Nigeria’s Deputy Senate President, Senator Ike Ekweremadu has projected that in 2023, “A president of an Igbo extraction” is imminent.
Those who say the igbo are never likely to produce a Nigerian President are right. The candidate's biggest stumbling block will be his fellow igbos
Now it makes sense to me why Bishop Okpaleke couldn't be Bishop of Ahiaria Diocese…
Pull Him Down syndrome
— Solopenja (@solomonapenja) October 13, 2018
Naija News understands that the Igbo elder statesman who said this during an interview session with notable news platform, said that the presidency of Nigeria is dependent on the mood of the nation.
Speaking on the role of the southeast in the Nigerian political landscape, he noted that “no one part of Nigeria can decide to take the presidency and succeed in taking it”.
Ekweremadu said that the presidency of Nigeria is dependent on the mood of the nation.
Taking a walk down memory lane, the lawmaker said that in 1999 when former President Olusegun Obasanjo was elected into power, “the mood of the nation was for a southern president from the western part of Nigeria”
Adding that when Obasanjo was to leave in 2007, the mood of the nation shifted to the north, hence the emergence of late Ex-President Umaru Musa Yar’Adua.
All being equal, Nigerian constitution + zoning/rotation of power + party dynamics guaranty that no matter how credible:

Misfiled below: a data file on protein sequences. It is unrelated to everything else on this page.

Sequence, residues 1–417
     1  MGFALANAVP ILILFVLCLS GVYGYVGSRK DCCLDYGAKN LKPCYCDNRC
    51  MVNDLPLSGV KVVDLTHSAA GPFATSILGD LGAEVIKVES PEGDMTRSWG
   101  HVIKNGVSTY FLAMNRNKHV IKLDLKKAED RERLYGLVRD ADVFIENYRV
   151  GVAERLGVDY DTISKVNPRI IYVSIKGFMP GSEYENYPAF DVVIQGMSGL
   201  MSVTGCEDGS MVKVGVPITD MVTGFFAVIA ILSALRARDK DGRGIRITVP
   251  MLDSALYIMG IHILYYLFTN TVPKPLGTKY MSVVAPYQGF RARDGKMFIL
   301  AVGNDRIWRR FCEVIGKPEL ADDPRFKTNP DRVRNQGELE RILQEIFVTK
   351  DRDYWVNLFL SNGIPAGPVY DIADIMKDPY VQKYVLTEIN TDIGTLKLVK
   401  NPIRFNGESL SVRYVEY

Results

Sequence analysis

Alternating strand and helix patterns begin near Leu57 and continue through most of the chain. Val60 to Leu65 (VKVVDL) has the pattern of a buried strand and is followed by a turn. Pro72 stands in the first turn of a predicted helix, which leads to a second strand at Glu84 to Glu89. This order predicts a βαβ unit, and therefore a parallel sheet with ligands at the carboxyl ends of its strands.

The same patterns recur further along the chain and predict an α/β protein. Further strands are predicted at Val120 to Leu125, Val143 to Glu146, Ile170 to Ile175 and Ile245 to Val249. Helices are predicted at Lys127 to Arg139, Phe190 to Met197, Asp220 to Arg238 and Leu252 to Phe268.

1. Southern Muslim will never be President
2. Northern Christian will never be President
3. Igbo cant be President until 2039
Something clearly wrong.
— Sim Shagaya (@SimShagaya) July 3, 2018
He further noted that in 2015, Goodluck Jonathan would have been re-elected but the mood of the nation at the time was still for a president from the north.
According to the lawmaker, this was the major reason President Muhammadu Buhari won his election into office.
Having established the role of ‘moods’ in Nigerian polity, Ekweremadu projected that the mood of the nation would be “a product of Igbo extraction” in 2023.
Speaking on the performance of the legislature, Ekweremadu who said that Nigeria’s legislative arm of government is mostly misunderstood because the public doesn’t really know too much about it noted that the nations needs institutional memories.
He said so much money is spent on training parliamentarians but most of those trained are often kicked out of the parliament before they can impact the nation with the skills and knowledge acquired.
The Deputy Senate President also talked about other pressing issues including security challenges.
Labeling the recent attempt on his residence as unfortunate, the lawmaker said the incident is one that raises questions regarding the security of the ordinary citizens of the country.
He charged the authorities to ensure that every Nigerian is well protected and hoped that the police will get to the root of the attempt on him and his family .